(Dow Jones) Among mutual funds, the pain from the recent market downturn was felt far and wide-but not shared equally. The same can be said of the relief experienced so far in the recovery.

The classic type of mutual fund, which employs an army of stock pickers to invest in big U.S. businesses, has fared a lot worse than low-cost index funds which simply ride the ups and downs of the market.

During the past three years, as the market plunged by more than half then began a historic rally, investors have yanked more than $174 billion from large-company U.S. stock funds, according to analyst Morningstar Inc. The funds haven't enjoyed a month in which investors put in more money than they pulled out since June 2009.

Some of the industry's best-known names have bled investment dollars, including American Funds Investment Company of America, which has seen investors pull $16.1 billion, Dodge & Cox Stock Fund which has lost $9.5 billion, and Fidelity Contra Fund, where investors have withdrawn more than $1 billion.

Main Street investors almost always pull money out of the stock market during a bear market, and are often slow to return when the market turns around. If the current rally continues, they could start returning in droves.

But index funds, which many investing experts say are a better option for small investors in the long run, have suffered much less from this pattern. In fact, large-company stock index funds and exchange-traded funds have actually seen investors pour in more than $147 billion in the past three years while their active cousins were hemorrhaging.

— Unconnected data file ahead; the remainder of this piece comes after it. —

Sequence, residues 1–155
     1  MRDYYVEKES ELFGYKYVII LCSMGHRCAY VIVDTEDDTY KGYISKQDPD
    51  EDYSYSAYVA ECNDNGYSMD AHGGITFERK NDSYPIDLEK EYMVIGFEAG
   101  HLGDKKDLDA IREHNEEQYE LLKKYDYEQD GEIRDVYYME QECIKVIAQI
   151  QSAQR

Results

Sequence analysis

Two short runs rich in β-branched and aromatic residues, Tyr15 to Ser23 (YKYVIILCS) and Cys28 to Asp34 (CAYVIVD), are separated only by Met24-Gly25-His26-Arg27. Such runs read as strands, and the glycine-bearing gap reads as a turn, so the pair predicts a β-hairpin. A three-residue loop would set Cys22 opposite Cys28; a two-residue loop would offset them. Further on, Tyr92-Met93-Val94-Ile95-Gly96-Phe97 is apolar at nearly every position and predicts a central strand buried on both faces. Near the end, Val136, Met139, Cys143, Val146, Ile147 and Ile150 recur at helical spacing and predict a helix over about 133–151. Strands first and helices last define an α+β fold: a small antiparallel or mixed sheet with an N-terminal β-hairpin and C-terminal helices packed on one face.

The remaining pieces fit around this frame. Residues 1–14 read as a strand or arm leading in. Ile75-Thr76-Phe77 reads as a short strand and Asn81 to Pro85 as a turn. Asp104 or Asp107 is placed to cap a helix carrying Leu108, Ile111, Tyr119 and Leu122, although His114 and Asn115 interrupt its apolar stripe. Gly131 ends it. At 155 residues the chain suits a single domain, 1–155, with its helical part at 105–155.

Among the big winners: Vanguard Total Stock Market Index Fund, which has grabbed $47.3 billion in new money, and the SPDR (SPY), an ETF which has accumulated $35.7 billion, although some of the SPDR's haul may be from active traders on Wall Street who also use the vehicle.

"It seems like even though flows into U.S. stock funds have been tepid, passive funds are getting respectable flows," says Morningstar analyst Sonya Morris. "Investors have been catching on to index funds over the past several years."

If the trend continues, it could vindicate investing experts and academics who have long questioned why individual investors pour money into active funds that, as a group, seem unable to beat the market. Few think their long campaign is near its end, however: While index funds have slowly been gaining market share since they first appeared more than three decades ago, large-company active funds still hold about $5 for every $2 in equivalent index funds.

Moreover, investors are still pouring money into actively managed mutual funds that target other more exotic types of stocks and bonds, especially hot areas like emerging markets. In all, active stock and bond funds have actually pulled in more than $300 billion in the past three years overall, despite dollars draining out of large-company U.S. stock funds.

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